The northern parts of India have given the gifts of their rich curries, soft breads and smoky tandoor dishes to Indian restaurants around the globe.
Much of what has spread across the globe as ‘Indian’ food is inspired by the staple dishes of the Punjab region in the country’s north-west, but there’s huge variation in cooking styles right across India, and the north is no exception; alongside the familiar Punjabi dishes, there’s Bengal, Kashmir, and much more to discover.
From the slightly controversial butter chicken to a favourite home-style rice pudding, here are five dishes that will deliver a delicious insight into India’s north.
1. Lamb korma - a curry with a rich history
What lies behind much of what’s called “North Indian” food, says Sydney chef Inderpreet Minhas, is not so much geography as a rich culinary history.
“The North Indian food that we know today [in restaurants] is based off that dynasty of Mughals who came into India from Uzbekistan in the late 1400s. They brought their ideas with them and then mixed them with local cultures and traditions,” says Minhas, who is chef/restaurateur with the three Sydney restaurants owned by his family – Grace of India, started by his parents in 1993, and serving up many of the familiar dishes we love; and more recent openings Lavendra, which explores cuisines from across India, and WaazWaan, which focuses on the food of Kashmir.
The Mughal kings, Minhas explains, lived extremely luxurious lifestyles, including large amounts of money spent on food, and a great attention to detail. “A lot of these kings, they’d only eat once or twice a day, one reason being that the food was prepared in such a lavish manner and there was lots of it … also, they considered themselves as very noble and busy people, so they thought, ‘we can't spend all day eating, we don't have time for three or four meals.’ … That's kind of where the idea of the North Indian heavier-style meal comes from. It comes from a practical purpose originally, but the dishes were popular, and they spread more widely," he says.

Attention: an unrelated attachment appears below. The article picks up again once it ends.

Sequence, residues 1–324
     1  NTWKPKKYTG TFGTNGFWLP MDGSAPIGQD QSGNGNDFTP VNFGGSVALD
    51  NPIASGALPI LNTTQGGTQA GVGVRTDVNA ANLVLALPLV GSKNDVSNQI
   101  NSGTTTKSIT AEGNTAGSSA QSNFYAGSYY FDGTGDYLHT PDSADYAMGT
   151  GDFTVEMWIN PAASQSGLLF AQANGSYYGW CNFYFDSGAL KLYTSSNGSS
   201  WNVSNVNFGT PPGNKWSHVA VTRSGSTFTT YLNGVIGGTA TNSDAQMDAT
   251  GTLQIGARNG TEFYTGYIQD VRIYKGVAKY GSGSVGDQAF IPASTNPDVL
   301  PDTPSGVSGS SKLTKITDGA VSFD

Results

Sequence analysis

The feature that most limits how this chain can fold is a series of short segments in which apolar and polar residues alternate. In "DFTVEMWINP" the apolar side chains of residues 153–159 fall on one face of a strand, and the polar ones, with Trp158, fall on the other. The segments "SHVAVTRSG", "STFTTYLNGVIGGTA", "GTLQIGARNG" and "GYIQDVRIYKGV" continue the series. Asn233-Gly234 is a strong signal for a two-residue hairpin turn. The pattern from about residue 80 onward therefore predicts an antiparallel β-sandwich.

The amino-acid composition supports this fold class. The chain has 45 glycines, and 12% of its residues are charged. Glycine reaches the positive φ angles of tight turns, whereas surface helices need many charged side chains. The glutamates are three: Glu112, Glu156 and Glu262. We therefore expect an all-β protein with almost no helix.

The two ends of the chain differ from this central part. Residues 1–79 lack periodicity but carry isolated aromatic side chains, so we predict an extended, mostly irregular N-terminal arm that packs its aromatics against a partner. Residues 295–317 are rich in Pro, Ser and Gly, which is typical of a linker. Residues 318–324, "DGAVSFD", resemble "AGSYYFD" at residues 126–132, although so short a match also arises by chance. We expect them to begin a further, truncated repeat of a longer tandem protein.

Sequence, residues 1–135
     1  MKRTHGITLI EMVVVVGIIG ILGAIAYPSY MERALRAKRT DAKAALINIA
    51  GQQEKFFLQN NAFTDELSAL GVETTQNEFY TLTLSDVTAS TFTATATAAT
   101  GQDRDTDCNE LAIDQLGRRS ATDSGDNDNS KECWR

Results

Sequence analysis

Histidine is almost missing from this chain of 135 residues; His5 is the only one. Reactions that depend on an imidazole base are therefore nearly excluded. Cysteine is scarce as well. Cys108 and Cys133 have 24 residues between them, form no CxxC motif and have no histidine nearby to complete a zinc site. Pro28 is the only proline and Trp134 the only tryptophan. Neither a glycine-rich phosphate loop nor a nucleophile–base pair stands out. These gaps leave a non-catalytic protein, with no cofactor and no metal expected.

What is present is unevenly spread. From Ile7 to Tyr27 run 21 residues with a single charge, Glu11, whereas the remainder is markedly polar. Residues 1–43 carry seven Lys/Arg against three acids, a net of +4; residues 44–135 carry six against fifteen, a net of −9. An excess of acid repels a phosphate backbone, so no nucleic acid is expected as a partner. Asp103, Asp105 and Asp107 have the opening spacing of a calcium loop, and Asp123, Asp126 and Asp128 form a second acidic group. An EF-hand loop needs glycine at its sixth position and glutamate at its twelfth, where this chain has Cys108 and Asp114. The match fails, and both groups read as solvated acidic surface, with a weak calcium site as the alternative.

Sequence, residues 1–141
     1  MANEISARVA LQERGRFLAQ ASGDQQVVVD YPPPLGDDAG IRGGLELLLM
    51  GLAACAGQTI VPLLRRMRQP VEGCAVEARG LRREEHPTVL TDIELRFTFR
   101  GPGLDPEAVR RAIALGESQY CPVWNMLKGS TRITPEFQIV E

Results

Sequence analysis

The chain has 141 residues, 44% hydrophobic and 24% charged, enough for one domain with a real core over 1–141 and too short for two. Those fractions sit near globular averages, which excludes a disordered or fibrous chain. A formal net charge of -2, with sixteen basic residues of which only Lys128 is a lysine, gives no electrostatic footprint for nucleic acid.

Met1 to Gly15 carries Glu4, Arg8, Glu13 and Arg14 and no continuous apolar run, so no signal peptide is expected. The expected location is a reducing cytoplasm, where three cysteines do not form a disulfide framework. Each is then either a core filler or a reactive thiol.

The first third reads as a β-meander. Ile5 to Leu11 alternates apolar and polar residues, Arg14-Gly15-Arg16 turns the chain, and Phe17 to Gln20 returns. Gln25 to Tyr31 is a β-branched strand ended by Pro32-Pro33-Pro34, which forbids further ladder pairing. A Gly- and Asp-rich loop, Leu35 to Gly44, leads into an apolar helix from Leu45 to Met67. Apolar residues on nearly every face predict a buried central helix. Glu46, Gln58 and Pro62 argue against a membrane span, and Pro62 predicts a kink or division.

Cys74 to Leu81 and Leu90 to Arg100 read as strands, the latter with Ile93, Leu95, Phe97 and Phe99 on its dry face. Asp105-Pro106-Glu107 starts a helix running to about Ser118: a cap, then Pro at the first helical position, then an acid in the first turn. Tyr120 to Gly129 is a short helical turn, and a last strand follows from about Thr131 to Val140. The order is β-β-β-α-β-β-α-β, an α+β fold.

And korma – a rich, creamy curry which can range from mild to fiery – is a great example. It also reflects the fact that while coconut milk and cream are more common in the south, diary is used more in the north.
“The korma is originally from Uzbekistan. It's a dish brought down [to India] by the Mughals,” Minhas explains. Traditionally, meat is seared, and then slowly braised with yoghurt or cream. The style often seen on restaurant menus has a nut paste in the ingredients, too. “The nut paste is usually cashews or almonds, and yogurt, mixed together with spices, and then added into the curry as part of the cooking process."
Diana Chan uses an almond, coconut, ghee and white poppy seed in the lamb korma she makes in Asia Unplated with Diana Chan. The paste, she explains, thickens the curry and give it “a rich, nutty flavour and texture”. The result is “rich and decadent and really lush”. Fit for a Moghul king, perhaps!
2. Butter chicken - possibly the world's favourite Indian dish
Loved across the world, butter chicken is a take-way and restaurant menu favourite – indeed, Minhas says it’s one dish that HAS to be on the menu, all the time, at all three of the family restaurants. But while the rich nature of the dish might embody the sprit of the Mughal legacy, it’s actually a much more recent invention. Just where it was invented, though, is a matter of debate.
“No one really knows. Some people in India say a restaurant called Moti Mahal, which credits itself as the first restaurant to invent butter chicken,” says Minhas. “But, if you went to the UK and said butter chicken, they’d say ‘we invented that’.”
We suggest whipping up your own butter chicken – aka murgh makhani – to eat while you contemplate that mysterious history: We’ve got plenty of recipes to choose from including a family recipe for butter chicken with mint yoghurt and pickled onion from Shruti Kohli; this tikka butter chicken from Smita Granland, which includes a recipe for home-made naan, perfect for mopping up every last drop; or Poh Ling Yiew’s version, served with a refreshing raita and buttery turmeric rice.
3. Bengali fish curry - because the Bengalis really know their seafood